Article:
At least among women, TV Academy voters apparently believe Emmys are wasted on the young.
This decade, just one thesp under the age of 35 — Drea de Matteo of “The Sopranos” — has won in the outstanding lead or supporting drama actress categories, and no under-30 actress has been honored since “The X-Files” star Gillian Anderson — 10 years ago.
In the supporting drama actress competish, four of the five past winners have been vets who have clocked decades in the biz: Blythe Danner (twice), Tyne Daly and Stockard Channing.
For all the talk of ageism in Hollywood, have TV Academy voters been perpetuating a sort of reverse ageism in their votes?
Fox casting exec VP Marcia Shulman believes the answer is more complicated than that. For one thing, actors continue to hone their craft through the years and are, quite simply, better as they get older.
“There’s nothing like experience,” Shulman says. “And just through the depths of experience, you probably just see more interesting performances.”
Shulman also points out that writers frequently write more specific roles for older thesps, who are usually better known. As a result, those tailor-made characters fit like a glove — and the actors can shine as a result.
“There does seem to be a specificity in writing for an older character,” she says. “When I’ve worked with people like David E. Kelley, he will really create a role for somebody whose work he’s very familiar with and who brings a voice to his vision.”
That’s especially true in the guest star category, adds NBC casting chief Marc Hirschfeld.
“A lot of these guest-star roles are crafted to attract an actor that might normally do an episode of a series,” he says. “Dick Van Dyke in ‘Scrubs,’ for example. They create a juicy role that an actor like him would be attracted to doing and one that’s almost Emmy worthy.”
On the flip side, younger thesps are frequently assigned to play broader, more everyman/everywoman characters. Because they’re more frequently leading the show, their characters are forced to be broader — while older actors can sink their teeth into more nuanced roles.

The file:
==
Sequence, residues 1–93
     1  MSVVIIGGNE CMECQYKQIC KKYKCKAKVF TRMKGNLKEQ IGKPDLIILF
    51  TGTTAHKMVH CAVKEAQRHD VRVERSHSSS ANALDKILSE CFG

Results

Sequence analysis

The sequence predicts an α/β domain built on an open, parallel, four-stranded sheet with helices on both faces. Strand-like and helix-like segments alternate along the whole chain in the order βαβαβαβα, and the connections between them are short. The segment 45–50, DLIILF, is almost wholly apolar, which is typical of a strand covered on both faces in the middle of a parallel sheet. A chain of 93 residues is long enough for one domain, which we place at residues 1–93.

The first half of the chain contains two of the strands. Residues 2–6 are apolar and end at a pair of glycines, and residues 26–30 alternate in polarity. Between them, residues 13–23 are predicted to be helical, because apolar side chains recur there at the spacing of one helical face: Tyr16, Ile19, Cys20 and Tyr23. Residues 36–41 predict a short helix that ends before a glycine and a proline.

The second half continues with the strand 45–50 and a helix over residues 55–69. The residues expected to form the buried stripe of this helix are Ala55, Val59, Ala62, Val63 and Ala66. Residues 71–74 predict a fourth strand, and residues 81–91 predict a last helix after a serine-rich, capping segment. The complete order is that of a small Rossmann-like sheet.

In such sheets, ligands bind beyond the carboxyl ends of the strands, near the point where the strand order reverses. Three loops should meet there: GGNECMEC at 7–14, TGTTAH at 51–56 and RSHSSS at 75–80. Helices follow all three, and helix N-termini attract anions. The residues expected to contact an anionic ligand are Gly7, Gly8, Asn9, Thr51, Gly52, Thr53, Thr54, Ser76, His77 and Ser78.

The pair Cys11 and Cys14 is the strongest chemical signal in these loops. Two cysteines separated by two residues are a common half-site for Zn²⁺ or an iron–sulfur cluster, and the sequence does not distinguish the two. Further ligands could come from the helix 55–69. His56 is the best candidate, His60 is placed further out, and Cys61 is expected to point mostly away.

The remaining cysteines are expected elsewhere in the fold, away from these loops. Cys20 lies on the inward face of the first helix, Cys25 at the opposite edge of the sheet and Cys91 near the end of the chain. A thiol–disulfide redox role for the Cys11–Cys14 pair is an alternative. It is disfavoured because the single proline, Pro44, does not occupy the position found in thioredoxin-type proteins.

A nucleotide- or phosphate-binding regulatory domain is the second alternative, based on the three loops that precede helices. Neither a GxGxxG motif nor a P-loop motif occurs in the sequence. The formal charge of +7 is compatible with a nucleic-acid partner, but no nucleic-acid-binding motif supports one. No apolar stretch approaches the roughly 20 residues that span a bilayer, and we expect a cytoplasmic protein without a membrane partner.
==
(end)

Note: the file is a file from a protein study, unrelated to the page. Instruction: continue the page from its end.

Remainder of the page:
“There’s not a big emphasis on fantastic character actors anymore,” Shulman says.
Also, execs admit that these days younger actors are almost more famous for their antics as profiled on the pages of the gossip mags than what they do onscreen — which may distract Emmy voters.
“I think there’s a kind of sameness to a lot of young talent right now,” Shulman says. “How they look and what their personas are. The older (actresses) are much more distinctive. They’re bigger characters.”
Then there’s the ongoing rap that Emmy voters are older than the population at large and tend to gravitate toward the familiar. That’s why familiar faces and shows seem to hit the podium year after year.
It’s not only younger faces that get shut out at the Emmys, after all: It’s also the younger-skewing shows that feature those younger stars. Even at its creative height, the WB (which burst at the seams with young talent) failed to conjure up any TV Academy love. It remains to be seen whether successor net the CW will do much better.
“For some reason, Emmy voters want to recognize actors and actresses who have paid their dues in a way,” Hirschfeld says. “There’s a trend toward voting for the seasoned veteran, almost in the same way they do in Broadway for the Tonys. It’s almost like they’re recognizing a whole body of work.”
With an influx of slightly femme-centric sudsers continuing to hit the air, the drama actress roster could start to see a few more younger faces. But well-known 2006 nominee Candice Bergen of “Boston Legal” could still have an edge over someone like breakout “Grey’s Anatomy” cast member Katherine Heigl.